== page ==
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Left profile of Taavi pointing
picture source

Taavi

Source: Tiit Blaat

Taavi Kotka

Estonia’s Digital Innovator

Taavi Kotka Is Putting the 'E' in Estonia

Why you should care

Because this man has very big dreams for his small country.

The little Baltic nation of Estonia doesn’t often make the news, but when it does make headlines, it’s usually for its innovative digital initiatives. It’s one of the most tech-savvy governments in the world — and the nation that gave birth to Skype, online voting and online tax filings. And the man to thank for them is Taavi Kotka.

Kotka, 35, was a software developer and successful tech entrepreneur before becoming the country’s chief information officer (CIO) — yes, countries have CIOs — in 2013. Since then, he’s been on a mission to re-imagine IT systems and help boost his homeland’s image and economy.

The world needs new big challenges.

Estonia is already one of the world’s most digitally adept societies and a hotbed for software innovation that has hatched companies like Skype and TransferWise. The government and IT sector have been collaborating for over a decade, and today citizens can cast votes from their sofas and file taxes online in under five minutes.

Yet Kotka wants to take things to the next level with two groundbreaking initiatives. The first is to offer “e-citizenships” and expand the use of electronic IDs beyond Estonia’s borders. This will allow foreigners to use the nation’s convenient e-services to do things like open bank accounts or set up companies — thereby boosting Estonia’s economy — without setting foot in the country. This would be particularly appealing to non-European entrepreneurs looking to establish a company inside the EU.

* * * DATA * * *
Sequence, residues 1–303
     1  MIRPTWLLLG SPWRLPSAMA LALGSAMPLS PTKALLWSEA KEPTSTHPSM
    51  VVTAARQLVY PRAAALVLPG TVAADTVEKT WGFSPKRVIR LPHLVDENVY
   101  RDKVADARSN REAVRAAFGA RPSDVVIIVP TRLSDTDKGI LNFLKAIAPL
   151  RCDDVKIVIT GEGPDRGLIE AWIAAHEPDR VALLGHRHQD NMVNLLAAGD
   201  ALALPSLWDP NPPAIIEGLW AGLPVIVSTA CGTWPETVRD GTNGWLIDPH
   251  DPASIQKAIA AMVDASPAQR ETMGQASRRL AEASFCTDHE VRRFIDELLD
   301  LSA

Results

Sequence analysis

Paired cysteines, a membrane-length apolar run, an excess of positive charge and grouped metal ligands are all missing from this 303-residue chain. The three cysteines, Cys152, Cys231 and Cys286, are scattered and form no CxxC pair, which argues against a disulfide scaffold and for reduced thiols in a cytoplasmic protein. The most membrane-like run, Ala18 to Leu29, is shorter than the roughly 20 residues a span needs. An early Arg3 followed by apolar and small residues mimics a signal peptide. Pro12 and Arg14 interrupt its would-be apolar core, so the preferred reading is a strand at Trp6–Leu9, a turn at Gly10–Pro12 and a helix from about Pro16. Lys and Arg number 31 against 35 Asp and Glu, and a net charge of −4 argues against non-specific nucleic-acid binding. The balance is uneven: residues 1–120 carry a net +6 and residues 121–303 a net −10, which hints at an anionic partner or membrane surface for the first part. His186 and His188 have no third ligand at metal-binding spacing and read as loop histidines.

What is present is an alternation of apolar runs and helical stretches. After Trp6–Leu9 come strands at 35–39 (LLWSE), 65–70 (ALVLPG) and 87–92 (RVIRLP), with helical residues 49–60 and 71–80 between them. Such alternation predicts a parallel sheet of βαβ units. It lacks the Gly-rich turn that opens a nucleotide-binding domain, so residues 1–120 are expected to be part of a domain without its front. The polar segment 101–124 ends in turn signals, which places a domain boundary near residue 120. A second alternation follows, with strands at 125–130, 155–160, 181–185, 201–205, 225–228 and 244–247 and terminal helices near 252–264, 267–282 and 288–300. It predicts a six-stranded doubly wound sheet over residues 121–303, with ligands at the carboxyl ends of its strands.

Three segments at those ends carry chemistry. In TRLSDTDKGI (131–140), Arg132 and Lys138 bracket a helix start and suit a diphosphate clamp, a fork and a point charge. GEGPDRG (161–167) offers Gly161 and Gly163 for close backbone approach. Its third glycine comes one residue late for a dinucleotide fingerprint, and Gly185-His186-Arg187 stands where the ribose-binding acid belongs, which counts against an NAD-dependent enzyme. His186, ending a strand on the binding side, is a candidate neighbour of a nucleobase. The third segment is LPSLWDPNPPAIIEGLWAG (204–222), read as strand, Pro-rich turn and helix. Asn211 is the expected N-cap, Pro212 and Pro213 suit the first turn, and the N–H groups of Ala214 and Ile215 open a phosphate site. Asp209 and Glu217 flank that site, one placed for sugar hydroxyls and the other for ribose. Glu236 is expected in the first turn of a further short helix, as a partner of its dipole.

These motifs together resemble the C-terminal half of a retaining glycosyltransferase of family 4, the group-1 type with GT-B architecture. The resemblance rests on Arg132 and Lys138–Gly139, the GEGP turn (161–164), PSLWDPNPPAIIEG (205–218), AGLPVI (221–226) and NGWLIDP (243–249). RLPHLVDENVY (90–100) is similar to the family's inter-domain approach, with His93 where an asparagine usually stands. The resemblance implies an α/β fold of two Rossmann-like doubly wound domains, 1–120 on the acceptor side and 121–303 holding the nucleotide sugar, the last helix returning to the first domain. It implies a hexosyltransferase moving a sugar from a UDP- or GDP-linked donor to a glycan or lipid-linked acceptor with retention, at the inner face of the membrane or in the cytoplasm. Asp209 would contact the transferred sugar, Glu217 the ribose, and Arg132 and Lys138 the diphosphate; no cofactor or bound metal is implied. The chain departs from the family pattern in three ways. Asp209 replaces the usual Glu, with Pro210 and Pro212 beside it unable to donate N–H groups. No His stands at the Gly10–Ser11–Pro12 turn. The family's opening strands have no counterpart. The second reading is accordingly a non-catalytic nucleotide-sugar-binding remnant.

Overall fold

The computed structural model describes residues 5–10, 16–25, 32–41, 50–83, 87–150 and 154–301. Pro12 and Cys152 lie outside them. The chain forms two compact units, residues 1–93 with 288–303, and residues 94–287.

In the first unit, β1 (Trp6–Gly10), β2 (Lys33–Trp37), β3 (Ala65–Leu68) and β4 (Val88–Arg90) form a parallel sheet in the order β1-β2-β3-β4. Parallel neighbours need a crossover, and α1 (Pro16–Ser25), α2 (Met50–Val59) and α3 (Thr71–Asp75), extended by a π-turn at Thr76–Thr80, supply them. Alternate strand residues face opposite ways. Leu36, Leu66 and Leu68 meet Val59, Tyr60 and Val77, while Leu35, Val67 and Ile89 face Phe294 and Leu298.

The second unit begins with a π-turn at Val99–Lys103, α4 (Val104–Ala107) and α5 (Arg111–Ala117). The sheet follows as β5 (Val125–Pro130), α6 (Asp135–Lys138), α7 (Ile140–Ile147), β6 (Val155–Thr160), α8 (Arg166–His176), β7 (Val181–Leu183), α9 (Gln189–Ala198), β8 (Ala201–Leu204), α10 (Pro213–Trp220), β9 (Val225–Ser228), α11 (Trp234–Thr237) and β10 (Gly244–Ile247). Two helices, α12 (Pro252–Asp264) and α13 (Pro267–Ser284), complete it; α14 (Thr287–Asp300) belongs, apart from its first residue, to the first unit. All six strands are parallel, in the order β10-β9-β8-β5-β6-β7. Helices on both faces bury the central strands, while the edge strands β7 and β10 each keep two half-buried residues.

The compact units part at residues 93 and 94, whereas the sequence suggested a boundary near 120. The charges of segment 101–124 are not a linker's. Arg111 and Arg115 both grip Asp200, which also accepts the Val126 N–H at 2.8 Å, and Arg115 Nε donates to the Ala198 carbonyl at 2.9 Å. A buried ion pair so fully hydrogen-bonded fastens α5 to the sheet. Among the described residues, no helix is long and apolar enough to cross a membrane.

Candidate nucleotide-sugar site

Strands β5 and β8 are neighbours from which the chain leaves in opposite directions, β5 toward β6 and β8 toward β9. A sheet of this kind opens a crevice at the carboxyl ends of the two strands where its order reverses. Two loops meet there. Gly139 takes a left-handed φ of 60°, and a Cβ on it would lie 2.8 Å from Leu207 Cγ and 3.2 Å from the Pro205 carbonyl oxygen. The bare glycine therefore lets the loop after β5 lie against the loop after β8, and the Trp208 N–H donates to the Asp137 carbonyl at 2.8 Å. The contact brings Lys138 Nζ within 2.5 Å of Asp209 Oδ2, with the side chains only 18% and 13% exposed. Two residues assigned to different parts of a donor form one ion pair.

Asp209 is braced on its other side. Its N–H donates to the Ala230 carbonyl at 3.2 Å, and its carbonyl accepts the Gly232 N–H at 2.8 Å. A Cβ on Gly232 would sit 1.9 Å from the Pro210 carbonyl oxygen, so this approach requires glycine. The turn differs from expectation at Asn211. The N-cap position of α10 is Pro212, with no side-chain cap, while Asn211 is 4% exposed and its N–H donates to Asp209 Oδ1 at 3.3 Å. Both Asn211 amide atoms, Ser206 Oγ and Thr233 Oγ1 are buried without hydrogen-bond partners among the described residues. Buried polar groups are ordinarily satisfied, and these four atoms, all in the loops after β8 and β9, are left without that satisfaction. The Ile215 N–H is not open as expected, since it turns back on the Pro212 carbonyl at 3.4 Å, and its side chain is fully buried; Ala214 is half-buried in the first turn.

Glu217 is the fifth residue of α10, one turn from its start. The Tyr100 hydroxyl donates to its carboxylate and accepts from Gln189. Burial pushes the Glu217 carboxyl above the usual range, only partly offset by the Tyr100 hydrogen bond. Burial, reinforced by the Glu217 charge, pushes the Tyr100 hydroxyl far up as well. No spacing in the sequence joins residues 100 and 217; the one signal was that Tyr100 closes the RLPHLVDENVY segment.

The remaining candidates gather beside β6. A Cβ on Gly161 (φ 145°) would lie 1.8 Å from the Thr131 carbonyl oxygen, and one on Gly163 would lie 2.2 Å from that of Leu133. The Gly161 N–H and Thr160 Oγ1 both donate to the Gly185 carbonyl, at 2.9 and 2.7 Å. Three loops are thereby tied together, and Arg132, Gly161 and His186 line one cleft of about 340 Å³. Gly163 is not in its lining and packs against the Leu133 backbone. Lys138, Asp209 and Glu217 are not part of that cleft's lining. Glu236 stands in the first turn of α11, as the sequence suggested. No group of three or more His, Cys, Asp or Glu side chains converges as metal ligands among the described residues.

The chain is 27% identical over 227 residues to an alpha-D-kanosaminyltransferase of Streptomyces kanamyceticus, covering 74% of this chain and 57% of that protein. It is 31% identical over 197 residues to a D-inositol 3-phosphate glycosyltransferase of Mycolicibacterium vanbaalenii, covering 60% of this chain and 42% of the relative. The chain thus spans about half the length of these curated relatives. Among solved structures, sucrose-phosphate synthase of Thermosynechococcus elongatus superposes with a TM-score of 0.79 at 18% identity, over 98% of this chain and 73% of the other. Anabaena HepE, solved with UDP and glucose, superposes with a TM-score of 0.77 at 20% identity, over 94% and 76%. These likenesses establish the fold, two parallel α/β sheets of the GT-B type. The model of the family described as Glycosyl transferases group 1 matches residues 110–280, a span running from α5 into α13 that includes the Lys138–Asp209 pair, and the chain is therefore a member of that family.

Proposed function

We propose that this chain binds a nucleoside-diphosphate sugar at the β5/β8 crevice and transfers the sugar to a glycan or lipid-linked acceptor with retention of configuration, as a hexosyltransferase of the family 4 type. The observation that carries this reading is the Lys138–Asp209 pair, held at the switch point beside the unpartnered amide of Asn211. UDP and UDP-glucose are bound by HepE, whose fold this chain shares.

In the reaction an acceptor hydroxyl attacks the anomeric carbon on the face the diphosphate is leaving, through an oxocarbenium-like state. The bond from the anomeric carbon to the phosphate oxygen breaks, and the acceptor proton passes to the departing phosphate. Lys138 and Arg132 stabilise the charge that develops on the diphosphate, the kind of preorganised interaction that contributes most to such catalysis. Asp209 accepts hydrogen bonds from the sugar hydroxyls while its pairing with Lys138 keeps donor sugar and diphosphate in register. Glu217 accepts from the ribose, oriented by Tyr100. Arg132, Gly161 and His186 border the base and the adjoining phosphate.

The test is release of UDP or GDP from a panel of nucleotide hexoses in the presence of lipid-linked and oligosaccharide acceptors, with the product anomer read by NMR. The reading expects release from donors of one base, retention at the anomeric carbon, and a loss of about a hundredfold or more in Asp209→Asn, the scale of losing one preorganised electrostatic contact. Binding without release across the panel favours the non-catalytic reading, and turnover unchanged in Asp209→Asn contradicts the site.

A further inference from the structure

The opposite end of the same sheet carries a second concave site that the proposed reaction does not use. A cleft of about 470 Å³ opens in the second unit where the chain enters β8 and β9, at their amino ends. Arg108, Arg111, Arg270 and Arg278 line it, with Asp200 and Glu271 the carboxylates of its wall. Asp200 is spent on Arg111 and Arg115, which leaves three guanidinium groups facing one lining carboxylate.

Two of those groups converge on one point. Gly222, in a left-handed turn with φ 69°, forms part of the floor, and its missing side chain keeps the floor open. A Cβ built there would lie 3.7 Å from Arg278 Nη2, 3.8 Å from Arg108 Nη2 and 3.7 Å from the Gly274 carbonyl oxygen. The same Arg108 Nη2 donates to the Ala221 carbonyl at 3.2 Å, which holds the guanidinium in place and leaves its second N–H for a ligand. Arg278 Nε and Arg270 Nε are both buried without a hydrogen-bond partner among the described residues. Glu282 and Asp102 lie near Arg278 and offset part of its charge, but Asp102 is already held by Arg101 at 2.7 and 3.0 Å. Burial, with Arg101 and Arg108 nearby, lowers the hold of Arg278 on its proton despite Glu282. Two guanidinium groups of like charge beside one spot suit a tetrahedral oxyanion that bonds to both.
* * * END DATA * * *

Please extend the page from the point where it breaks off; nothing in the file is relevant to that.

The other trailblazing idea is to create “data embassies” by uploading government information to the cloud on foreign servers. That way, if Estonia suffers an invasion or cyber attack, the fundamental functions of the state can be preserved. Kotka is now working closely with the U.K. to launch the first embassy — with others planned for Berlin, Ottawa, Sao Paolo and Sydney.

I don’t have to work for money anymore. So now I want to do something for my country.

Both are very ambitious ideas, but Kotka is determined. “The world needs new big challenges,” he says. “Maybe we cannot conquer space, but we can create new virtual worlds here.”

Born in a small city in southern Estonia, Kotka’s parents were teachers who bonded over a shared love of chess. Kotka’s father bought him his first computer when he was 12, and he spent many of his teenage years in front of it playing games and flirting with the idea of becoming a hacker.

He studied information technology at the University of Tartu but dropped out to start working as a programmer. In 2000, Kotka took a new job at software development company Webmedia (now Nortal). Six years later he was named CEO of the Estonian division and, under his leadership, it became the country’s largest IT firm. He also founded several startups on the side, including Plumbr and Fits.me.

“Once you’ve started a company, you’re always looking for that feeling again,” he says. Kotka has the slightly scruffy look and nonchalant tone of a stereotypical tech entrepreneur, but his face lights up with childlike enthusiasm when he talks about his projects. “I’m an ideas person,” he explains. “I just love pushing things forward.”